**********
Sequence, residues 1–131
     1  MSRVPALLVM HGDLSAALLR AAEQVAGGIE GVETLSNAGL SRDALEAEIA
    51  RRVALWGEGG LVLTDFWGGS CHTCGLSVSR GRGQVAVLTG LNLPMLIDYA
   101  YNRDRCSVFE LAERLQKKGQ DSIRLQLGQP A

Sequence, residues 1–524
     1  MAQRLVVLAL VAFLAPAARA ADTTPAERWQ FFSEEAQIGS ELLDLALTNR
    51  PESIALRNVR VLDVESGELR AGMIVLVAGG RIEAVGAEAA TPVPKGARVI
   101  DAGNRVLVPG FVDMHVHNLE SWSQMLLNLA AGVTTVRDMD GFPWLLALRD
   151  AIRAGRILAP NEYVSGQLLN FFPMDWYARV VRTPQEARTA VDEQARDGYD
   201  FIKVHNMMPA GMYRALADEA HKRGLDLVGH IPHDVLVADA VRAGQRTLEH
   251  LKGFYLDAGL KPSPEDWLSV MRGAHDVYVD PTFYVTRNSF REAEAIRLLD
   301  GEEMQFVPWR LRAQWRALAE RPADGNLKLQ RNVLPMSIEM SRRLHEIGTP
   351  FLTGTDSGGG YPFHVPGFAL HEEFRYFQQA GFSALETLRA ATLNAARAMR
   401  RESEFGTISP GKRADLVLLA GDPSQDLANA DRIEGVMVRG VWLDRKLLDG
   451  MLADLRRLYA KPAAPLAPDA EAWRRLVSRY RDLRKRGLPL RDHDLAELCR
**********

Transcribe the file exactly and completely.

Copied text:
Sequence, residues 1–131
     1  MSRVPALLVM HGDLSAALLR AAEQVAGGIE GVETLSNAGL SRDALEAEIA
    51  RRVALWGEGG LVLTDFWGGS CHTCGLSVSR GRGQVAVLTG LNLPMLIDYA
   101  YNRDRCSVFE LAERLQKKGQ DSIRLQLGQP A

Sequence, residues 1–524
     1  MAQRLVVLAL VAFLAPAARA ADTTPAERWQ FFSEEAQIGS ELLDLALTNR
    51  PESIALRNVR VLDVESGELR AGMIVLVAGG RIEAVGAEAA TPVPKGARVI
   101  DAGNRVLVPG FVDMHVHNLE SWSQMLLNLA AGVTTVRDMD GFPWLLALRD
   151  AIRAGRILAP NEYVSGQLLN FFPMDWYARV VRTPQEARTA VDEQARDGYD
   201  FIKVHNMMPA GMYRALADEA HKRGLDLVGH IPHDVLVADA VRAGQRTLEH
   251  LKGFYLDAGL KPSPEDWLSV MRGAHDVYVD PTFYVTRNSF REAEAIRLLD
   301  GEEMQFVPWR LRAQWRALAE RPADGNLKLQ RNVLPMSIEM SRRLHEIGTP
   351  FLTGTDSGGG YPFHVPGFAL HEEFRYFQQA GFSALETLRA ATLNAARAMR
   401  RESEFGTISP GKRADLVLLA GDPSQDLANA DRIEGVMVRG VWLDRKLLDG
   451  MLADLRRLYA KPAAPLAPDA EAWRRLVSRY RDLRKRGLPL RDHDLAELCR